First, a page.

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Alumni Spotlight: Donald J. Dew, MSW ’80

Donald J. Dew is President and CEO of Habilitative Systems, Inc. (HSI) and has more than 38 years of experience in health and human services. Since 1990, he has led HSI in its continuum of care approach that builds healthy communities for underserved populations with disabilities and people living with an array of human services needs. The agency has undergone tremendous development, with numerous residential facilities for people with disabilities, a residential women’s treatment facility, emergency housing and more.

An Interview with Donald J. Dew, MSW '80 Heading link

photo of Donald J. Dew

Community-centered practice is of primary importance at JACSW. What do you think are the benefits of this approach to social work?

I think it’s very important. HSI employs over 100 people, and more than half of them reside in the Westside communities that we serve. The problems presented by the people we serve are the same problems our staff encounter in their daily lives. Thus, staff can connect with community members on multiple levels and be more effective. Is it essential that staff come from the community? It’s not essential, but it really aids in the process of being community-centered and focused.

Does community-centricity have particular benefits to practice in mental health?

When we come to work at HSI, we have to be mindful and cognizant of where we’re at. We know we’re on the west side of Chicago. I’ve been in my office here and heard gunshots, I’ve looked out my window and seen a man laying on the ground who had been shot, with paramedics trying to revive him. This is just a reality of providing comprehensive and practical services in an environment that experiences poverty, violence and trauma. All the social determinants of health that social workers talk about, we see acted out daily here. So, in talking about a community-centric approach to mental health services, we are prepared with a relevant mindset and a trauma-informed approach.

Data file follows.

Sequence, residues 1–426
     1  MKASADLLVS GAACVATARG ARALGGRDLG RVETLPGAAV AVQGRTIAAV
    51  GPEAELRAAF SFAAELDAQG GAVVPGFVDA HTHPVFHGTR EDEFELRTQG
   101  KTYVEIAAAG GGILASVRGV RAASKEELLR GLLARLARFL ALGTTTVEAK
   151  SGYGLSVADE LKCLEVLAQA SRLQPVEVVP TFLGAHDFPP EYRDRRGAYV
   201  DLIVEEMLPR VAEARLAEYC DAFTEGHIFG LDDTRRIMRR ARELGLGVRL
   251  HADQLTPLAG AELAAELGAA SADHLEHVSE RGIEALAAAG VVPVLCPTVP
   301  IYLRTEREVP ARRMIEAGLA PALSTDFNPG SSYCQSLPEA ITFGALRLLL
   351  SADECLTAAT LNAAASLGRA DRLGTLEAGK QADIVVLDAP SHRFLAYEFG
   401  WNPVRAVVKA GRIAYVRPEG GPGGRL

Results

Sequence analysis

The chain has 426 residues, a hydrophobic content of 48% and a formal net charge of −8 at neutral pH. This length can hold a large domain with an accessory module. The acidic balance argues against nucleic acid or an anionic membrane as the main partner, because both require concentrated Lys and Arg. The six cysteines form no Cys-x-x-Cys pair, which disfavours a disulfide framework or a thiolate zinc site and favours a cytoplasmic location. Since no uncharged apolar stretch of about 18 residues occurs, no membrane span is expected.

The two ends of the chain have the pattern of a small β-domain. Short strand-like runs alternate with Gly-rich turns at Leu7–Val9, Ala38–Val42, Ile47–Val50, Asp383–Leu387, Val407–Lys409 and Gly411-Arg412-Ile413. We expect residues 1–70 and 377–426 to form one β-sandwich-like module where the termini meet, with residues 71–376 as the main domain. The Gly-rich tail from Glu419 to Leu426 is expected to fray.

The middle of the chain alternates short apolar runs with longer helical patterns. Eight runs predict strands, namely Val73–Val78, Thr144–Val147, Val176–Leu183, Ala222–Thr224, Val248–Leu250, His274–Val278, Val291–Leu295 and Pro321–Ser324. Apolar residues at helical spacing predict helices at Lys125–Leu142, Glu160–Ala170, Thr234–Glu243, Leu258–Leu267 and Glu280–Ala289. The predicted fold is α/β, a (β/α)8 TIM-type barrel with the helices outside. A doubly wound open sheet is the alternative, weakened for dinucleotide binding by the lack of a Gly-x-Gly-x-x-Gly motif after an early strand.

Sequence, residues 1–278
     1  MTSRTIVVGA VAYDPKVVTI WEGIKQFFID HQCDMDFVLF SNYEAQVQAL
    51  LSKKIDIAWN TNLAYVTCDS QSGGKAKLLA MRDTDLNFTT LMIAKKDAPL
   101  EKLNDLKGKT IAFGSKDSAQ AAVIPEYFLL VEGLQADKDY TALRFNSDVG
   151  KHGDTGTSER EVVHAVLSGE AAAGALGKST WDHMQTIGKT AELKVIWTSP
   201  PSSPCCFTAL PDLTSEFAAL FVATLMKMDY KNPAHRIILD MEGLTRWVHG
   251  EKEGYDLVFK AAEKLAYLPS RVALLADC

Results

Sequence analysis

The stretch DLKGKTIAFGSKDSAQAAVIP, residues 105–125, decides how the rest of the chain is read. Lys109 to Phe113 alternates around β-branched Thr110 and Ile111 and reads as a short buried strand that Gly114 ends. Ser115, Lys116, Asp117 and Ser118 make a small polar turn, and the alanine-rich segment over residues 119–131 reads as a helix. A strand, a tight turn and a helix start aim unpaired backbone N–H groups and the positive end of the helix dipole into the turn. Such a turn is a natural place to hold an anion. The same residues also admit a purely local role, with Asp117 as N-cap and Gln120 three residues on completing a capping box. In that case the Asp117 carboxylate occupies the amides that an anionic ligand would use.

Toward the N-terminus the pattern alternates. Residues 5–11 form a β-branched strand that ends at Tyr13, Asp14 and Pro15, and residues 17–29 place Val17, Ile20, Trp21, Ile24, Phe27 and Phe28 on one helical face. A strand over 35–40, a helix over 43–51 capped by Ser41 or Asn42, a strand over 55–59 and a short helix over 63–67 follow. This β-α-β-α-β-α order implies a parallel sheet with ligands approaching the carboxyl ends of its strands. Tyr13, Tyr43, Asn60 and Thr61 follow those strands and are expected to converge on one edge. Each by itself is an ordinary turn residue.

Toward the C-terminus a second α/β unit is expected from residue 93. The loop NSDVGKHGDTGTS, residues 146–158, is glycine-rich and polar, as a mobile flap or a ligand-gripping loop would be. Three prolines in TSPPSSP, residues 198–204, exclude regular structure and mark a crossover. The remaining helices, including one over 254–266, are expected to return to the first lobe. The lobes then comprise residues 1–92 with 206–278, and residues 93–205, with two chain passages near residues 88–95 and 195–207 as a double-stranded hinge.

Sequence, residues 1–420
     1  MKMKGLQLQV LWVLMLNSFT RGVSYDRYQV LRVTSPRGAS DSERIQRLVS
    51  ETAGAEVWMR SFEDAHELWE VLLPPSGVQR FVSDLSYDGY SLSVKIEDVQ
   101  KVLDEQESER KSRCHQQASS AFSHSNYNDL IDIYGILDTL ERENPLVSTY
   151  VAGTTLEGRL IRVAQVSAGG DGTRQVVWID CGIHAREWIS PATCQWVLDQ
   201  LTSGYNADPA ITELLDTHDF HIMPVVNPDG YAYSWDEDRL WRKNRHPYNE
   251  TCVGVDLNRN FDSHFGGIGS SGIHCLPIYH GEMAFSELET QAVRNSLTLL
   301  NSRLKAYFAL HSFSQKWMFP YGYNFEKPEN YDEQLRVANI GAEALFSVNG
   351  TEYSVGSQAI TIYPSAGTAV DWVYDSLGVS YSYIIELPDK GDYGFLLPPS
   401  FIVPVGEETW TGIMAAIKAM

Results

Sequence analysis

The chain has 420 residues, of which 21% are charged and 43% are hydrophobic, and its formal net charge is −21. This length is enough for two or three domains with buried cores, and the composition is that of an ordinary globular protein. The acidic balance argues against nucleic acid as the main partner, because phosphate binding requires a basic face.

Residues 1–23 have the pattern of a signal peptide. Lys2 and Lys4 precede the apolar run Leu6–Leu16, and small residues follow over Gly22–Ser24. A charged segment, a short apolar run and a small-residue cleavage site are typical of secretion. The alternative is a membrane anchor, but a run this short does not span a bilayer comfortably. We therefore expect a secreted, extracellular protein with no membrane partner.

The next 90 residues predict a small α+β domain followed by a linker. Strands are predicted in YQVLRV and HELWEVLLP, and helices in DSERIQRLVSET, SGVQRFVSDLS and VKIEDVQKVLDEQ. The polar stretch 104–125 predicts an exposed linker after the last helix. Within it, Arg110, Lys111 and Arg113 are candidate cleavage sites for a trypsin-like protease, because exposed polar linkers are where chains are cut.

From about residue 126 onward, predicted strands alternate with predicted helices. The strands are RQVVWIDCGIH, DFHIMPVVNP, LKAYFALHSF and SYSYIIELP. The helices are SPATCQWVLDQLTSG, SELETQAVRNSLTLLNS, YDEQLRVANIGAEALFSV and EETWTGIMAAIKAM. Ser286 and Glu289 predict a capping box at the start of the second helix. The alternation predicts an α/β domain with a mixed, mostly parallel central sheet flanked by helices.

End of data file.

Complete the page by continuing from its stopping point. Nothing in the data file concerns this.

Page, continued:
In 2012, the City of Chicago closed six of its free mental health clinics; what impact has that had for marginalized communities?

The lack of access to desperately needed mental health services, due to the trauma and poverty experienced generationally, became more evident because of these closures. During this period, we have seen an increase in persons with mental illness incarcerated, detained and institutionalized, as well as an increase in the ranks of the homeless. I like to say that these people don’t fall through the cracks, they fall into another system. Nine times out of ten, the system they fall into will ultimately be more costly than providing community-based services. This is intolerable. Fortunately, the Cook County Health and Hospital System provided funding three years ago for HSI to establish our Westside Community Triage and Wellness Center, in partnership with the Bobby Wright Comprehensive Behavioral Health Center, to mitigate the adverse impact of these closures.

I like to say that these people don’t fall through the cracks, they fall into another system. Nine times out of ten, the system they fall into will ultimately be more costly than providing community-based services.

Mayor Lightfoot has awarded $8 million in grants to community organizations providing mental health services; do you think this is enough to offset the impact of clinic closures?